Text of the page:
Dave Henderson, who played 14 seasons in the majors, including six with the Mariners (1981-86) after they selected him in the first round of the 1977 amateur draft, died Sunday at Harborview Hospital in Seattle following a massive heart attack. Henderson was 57.
“On behalf of the Seattle Mariners, I want to extend our deepest sympathies to Chase and Trent and Nancy and to Dave’s many friends,” Mariners team president Kevin Mather said in a statement. “He was a devoted father to his two sons and always willing to help someone in need.
“Dave was one of the most popular Mariners in our history, but Dave was also one of the most popular players in Red Sox and A’s history. He had a special ability to connect with people, both inside the game and in the communities in which he lived. I never saw him at the ballpark, or on the golf course, without a big smile on his face.”
Henderson is survived by his sons, Chase and Trent, and his wife Nancy. His first wife, Loni, also survives him.
Born July 21, 1958 in Merced, CA., “Hendu” graduated from Dos Palos High School in 1977. The Mariners made Henderson the first No. 1 pick (regular phase) in franchise history.
During his six seasons in Seattle, Henderson played in 654 games and hit .257 with 79 home runs and 271 RBIs. The club traded him, along with SS Spike Owen, to the Red Sox Aug. 19, 1986, for a package of players.
After spending two seasons in Boston, Henderson played six seasons in Oakland. He finished his career in 1994 with Kansas City at age 36.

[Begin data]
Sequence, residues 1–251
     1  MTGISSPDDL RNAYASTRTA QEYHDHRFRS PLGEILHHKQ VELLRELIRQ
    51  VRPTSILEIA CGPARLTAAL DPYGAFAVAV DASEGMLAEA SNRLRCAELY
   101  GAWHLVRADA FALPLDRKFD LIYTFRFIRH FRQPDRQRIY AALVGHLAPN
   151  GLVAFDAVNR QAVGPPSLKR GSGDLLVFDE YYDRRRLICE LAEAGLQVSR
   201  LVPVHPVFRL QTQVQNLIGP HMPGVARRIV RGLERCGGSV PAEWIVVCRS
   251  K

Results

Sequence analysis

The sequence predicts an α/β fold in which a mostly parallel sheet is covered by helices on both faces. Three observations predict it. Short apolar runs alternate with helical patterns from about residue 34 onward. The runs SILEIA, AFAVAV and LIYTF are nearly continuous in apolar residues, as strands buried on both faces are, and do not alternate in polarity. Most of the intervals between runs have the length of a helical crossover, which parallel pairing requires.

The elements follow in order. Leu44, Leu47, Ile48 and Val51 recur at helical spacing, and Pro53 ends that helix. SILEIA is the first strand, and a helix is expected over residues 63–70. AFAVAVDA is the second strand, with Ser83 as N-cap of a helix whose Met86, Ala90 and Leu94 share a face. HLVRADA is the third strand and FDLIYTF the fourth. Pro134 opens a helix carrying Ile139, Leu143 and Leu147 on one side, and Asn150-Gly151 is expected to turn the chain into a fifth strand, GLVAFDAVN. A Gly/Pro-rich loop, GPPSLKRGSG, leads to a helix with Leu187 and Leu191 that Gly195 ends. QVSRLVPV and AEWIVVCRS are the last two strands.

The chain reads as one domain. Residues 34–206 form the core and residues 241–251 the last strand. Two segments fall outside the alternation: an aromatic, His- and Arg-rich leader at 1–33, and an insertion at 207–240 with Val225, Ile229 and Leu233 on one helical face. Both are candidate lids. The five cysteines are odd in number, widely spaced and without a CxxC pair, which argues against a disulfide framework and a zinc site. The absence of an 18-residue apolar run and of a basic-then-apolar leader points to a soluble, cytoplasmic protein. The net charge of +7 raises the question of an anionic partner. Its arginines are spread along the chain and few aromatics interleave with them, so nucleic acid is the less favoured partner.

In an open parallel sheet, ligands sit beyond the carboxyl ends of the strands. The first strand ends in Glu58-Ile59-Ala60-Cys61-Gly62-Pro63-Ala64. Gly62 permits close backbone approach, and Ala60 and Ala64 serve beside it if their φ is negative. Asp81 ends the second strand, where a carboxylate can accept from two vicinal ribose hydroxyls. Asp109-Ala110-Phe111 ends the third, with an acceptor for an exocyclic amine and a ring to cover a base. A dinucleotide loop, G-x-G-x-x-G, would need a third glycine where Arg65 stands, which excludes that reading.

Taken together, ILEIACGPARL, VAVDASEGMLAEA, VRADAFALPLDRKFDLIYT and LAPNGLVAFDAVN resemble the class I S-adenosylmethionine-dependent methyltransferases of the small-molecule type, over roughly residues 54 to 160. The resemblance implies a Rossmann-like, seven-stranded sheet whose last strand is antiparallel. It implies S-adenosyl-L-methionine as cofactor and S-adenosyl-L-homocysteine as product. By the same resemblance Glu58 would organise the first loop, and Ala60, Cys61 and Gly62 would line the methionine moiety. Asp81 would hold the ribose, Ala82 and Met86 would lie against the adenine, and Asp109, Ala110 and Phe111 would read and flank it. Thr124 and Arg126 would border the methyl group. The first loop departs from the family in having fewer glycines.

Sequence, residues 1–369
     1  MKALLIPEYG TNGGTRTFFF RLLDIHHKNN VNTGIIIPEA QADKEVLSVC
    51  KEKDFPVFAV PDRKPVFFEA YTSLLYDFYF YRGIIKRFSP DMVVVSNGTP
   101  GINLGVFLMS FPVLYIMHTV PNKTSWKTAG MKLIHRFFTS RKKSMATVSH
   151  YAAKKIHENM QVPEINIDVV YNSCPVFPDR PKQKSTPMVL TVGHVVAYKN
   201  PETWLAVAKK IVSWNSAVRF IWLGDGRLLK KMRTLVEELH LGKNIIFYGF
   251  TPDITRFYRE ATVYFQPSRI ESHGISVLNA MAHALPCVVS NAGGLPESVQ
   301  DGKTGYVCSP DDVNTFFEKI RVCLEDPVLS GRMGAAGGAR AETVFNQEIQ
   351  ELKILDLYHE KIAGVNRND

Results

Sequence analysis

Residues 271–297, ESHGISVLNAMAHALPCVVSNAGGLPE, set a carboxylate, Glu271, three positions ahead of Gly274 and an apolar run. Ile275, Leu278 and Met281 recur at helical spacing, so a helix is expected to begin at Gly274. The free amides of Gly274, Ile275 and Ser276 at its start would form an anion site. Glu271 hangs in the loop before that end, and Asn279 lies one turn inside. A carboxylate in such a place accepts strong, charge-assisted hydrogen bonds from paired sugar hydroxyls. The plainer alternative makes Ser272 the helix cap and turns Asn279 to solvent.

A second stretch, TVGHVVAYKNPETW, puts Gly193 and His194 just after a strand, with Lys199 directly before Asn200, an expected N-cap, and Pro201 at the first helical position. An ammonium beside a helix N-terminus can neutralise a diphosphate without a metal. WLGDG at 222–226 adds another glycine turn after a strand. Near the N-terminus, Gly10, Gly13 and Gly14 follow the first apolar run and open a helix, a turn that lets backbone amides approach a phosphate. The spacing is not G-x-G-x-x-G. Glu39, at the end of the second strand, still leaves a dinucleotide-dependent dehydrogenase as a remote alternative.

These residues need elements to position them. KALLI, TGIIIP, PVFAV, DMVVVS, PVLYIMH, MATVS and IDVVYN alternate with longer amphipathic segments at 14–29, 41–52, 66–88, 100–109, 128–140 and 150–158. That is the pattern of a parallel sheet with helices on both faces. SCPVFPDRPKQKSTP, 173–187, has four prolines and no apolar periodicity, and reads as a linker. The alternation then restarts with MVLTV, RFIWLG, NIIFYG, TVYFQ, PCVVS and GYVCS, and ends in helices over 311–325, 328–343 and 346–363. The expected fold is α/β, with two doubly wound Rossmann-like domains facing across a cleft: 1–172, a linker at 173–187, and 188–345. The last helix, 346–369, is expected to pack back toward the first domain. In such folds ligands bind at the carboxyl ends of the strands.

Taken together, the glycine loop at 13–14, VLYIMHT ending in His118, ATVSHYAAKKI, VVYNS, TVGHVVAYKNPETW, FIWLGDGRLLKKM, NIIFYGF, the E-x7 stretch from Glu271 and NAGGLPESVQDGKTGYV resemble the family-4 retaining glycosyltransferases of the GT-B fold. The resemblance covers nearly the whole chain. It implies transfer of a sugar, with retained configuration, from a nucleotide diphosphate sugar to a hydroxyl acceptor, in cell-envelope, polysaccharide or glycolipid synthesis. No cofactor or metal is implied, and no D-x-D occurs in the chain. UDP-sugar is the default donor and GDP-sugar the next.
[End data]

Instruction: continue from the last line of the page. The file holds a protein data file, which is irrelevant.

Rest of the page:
Henderson hit .258 for his career with 197 home runs and 708 RBIs. He is perhaps best remembered for the two-out, two-strike home run off Donnie Moore in the 1986 ALCS that helped send Boston to that year’s World Series, in which Henderson batted .400 with two home runs in a losing cause to the Mets.
Henderson’s greatest success came with the A’s from 1988-91 when the Athletics reached the World Series three times. Henderson, who won a World Series ring in 1989, made his only All-Star team in 1991.
In eight postseason series, Henderson batted .298 with seven homers and a .570 slugging percentage.
“Dave was well known, and well loved, for his always positive attitude and huge smile,” the Mariners statement said. “He cared deeply for his family and his community, raising hundreds of thousands of dollars to support research into Angelman Syndrome (www.angelman.org), a genetic disorder that affects his son, Chase.
“Dave was also one of the founders of Ricks Toys For Kids, a charity which provides dozens of agencies and thousands of children who otherwise would not receive a gift Christmas presents each year.”
“The A’s are saddened to hear of the passing of Dave Henderson,” the team said in a statement. “Henderson was an instrumental part of the A’s 1989 World Series Championship club and an even more impactful member of the A’s family and community. Hendu and his smile will be sorely missed. Our thoughts are with his family.”
Henderson underwent a kidney transplant in October.